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Mental health and poverty in developing countries: Revisiting the relationship


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  • Das, Jishnu
  • Do, Quy-Toan
  • Friedman, Jed
  • McKenzie, David
  • Scott, Kinnon


The relationship between poverty and mental health has received considerable attention in the recent literature. However, the associations presented in existing studies typically rely on limited samples of individuals and on proxy indicators for poverty such as education, the lack of tap water, or being unemployed. We revisit the relationship between poverty and mental health using data from nationally representative household surveys in Bosnia and Herzegovina, Indonesia and Mexico, along with special surveys from India and Tonga. As in previous studies, we find that individuals who are older, female, widowed, and in poor health are more likely to report worse mental health outcomes. Individuals living with others with poor mental health are significantly more likely to report worse mental health themselves. The size of the coefficients and their significance are comparable across the five countries. In contrast to previous studies, the relationship between higher education and better mental health is weak or non-existent. Furthermore, there is no consistent association between consumption poverty and mental health - in two countries mental health measures are marginally worse for the poor; in two countries there is no association; and in one country mental health measures are better for the poor compared to the non-poor. Moreover, the sizes of the coefficients for both education and consumption poverty are small compared to other factors considered here. While the lack of an association between consumption poverty and mental health implies that poor mental health is not a "disease of affluence", neither is it a disease of poverty. Changes in life circumstances brought on, for instance, by illness may have a greater impact on mental health than levels of poverty. Effective public health policy for mental health should focus on protecting individuals and households from adverse events and on targeted interventions following such adverse changes.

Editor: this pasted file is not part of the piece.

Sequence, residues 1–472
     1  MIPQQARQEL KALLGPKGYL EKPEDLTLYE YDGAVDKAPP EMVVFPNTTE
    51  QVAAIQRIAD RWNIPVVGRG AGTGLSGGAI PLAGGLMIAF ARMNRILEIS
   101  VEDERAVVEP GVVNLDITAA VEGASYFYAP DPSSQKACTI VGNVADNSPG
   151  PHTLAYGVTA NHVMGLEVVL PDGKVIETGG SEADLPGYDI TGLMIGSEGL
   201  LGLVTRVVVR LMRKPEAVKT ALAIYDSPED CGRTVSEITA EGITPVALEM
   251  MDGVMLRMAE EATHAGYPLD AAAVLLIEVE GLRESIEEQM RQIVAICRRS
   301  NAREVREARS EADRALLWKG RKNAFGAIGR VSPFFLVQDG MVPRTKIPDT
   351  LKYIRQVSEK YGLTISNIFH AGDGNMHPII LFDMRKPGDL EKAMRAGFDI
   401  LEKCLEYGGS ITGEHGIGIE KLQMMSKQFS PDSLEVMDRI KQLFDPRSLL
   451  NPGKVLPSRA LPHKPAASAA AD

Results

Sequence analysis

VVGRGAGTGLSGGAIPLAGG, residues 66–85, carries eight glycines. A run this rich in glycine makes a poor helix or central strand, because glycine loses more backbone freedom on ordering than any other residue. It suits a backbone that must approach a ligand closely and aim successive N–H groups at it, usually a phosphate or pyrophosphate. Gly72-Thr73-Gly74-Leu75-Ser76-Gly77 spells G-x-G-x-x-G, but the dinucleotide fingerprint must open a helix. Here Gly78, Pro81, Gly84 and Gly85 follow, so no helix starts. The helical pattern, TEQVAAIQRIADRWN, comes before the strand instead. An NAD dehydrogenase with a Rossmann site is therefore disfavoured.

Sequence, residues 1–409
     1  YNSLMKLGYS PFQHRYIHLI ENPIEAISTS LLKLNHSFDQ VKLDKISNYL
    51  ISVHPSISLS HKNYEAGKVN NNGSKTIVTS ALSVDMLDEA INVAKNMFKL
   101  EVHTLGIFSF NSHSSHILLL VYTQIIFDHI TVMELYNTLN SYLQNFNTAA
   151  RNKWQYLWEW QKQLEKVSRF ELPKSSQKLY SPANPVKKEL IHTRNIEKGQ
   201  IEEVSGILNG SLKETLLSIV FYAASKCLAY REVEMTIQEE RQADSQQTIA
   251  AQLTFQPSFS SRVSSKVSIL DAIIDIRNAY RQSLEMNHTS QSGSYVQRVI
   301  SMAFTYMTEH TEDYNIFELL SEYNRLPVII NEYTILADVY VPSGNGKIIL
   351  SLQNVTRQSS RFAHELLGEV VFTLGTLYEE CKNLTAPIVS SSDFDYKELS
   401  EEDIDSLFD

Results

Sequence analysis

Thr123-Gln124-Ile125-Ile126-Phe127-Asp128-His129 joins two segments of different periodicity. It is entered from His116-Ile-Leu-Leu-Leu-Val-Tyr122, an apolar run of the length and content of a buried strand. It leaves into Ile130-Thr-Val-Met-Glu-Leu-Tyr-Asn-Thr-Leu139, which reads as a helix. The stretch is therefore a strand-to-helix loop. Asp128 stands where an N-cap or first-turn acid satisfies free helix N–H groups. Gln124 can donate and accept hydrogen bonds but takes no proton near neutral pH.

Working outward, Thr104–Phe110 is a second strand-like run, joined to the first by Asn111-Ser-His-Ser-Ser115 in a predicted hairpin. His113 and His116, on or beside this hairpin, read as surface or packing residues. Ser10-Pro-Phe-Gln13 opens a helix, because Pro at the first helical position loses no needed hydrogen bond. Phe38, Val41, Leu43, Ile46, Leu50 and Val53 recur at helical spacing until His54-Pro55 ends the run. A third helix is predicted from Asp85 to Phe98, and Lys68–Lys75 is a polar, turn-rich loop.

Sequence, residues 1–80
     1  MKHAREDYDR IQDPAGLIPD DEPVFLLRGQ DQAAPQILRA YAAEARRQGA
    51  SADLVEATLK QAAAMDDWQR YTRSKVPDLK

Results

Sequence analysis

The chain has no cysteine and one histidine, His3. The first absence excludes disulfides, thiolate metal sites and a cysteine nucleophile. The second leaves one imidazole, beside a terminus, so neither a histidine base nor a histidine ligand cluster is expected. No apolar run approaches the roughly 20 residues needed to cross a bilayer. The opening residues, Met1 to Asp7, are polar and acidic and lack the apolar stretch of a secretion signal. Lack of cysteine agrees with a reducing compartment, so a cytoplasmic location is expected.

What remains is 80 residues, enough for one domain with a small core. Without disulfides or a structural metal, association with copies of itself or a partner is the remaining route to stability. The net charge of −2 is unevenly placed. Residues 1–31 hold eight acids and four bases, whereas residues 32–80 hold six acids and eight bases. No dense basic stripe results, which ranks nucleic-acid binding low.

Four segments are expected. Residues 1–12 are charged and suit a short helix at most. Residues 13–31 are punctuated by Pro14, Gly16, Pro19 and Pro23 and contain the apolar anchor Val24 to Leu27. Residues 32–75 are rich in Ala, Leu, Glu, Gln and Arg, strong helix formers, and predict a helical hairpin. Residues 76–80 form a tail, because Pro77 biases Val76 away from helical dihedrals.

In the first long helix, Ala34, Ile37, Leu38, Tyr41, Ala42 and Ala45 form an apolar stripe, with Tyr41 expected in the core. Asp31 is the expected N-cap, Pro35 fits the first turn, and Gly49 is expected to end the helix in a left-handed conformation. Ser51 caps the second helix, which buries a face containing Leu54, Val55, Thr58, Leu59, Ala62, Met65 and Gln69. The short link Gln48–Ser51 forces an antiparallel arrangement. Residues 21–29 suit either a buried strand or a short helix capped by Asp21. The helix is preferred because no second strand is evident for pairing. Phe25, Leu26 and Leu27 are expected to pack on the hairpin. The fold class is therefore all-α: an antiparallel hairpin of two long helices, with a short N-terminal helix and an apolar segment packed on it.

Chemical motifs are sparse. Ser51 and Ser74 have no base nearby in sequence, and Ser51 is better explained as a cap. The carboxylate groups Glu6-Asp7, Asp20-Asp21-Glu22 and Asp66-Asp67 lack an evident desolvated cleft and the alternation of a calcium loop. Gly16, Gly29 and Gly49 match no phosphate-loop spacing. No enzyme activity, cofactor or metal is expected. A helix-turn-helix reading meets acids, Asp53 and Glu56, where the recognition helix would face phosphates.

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Bibliographic Info

Article provided by Elsevier in its journal Social Science & Medicine.

Volume (Year): 65 (2007)
Issue (Month): 3 (August)
Pages: 467-480

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Handle: RePEc:eee:socmed:v:65:y:2007:i:3:p:467-480

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Keywords: Mental health Poverty Household concordance Socioeconomic gradients Developing countries Comparative;


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Cited by:
  1. Rojas, Mariano, 2011. "Poverty and psychological distress in Latin America," Journal of Economic Psychology, Elsevier, vol. 32(2), pages 206-217, March.
  2. Cole, Steven M. & Tembo, Gelson, 2011. "The effect of food insecurity on mental health: Panel evidence from rural Zambia," Social Science & Medicine, Elsevier, vol. 73(7), pages 1071-1079.
  3. Strauss, John & Lei, Xiaoyan & Park, Albert & Shen, Yan & Smith, James P. & Yang, Zhe & Zhao, Yaohui, 2010. "Health Outcomes and Socio-Economic Status among the Elderly in China: Evidence from the CHARLS Pilot," IZA Discussion Papers 5152, Institute for the Study of Labor (IZA).
  4. Das, Jishnu & Das, Ranendra Kumar & Das, Veena, 2012. "The mental health gender-gap in urban India: Patterns and narratives," Social Science & Medicine, Elsevier, vol. 75(9), pages 1660-1672.
  5. Stillman, Steven & McKenzie, David & Gibson, John, 2007. "Migration and mental health : evidence from a natural experiment," Policy Research Working Paper Series 4138, The World Bank.
  6. Tampubolon, Gindo & Hanandita, Wulung, 2014. "Poverty and mental health in Indonesia," Social Science & Medicine, Elsevier, vol. 106(C), pages 20-27.


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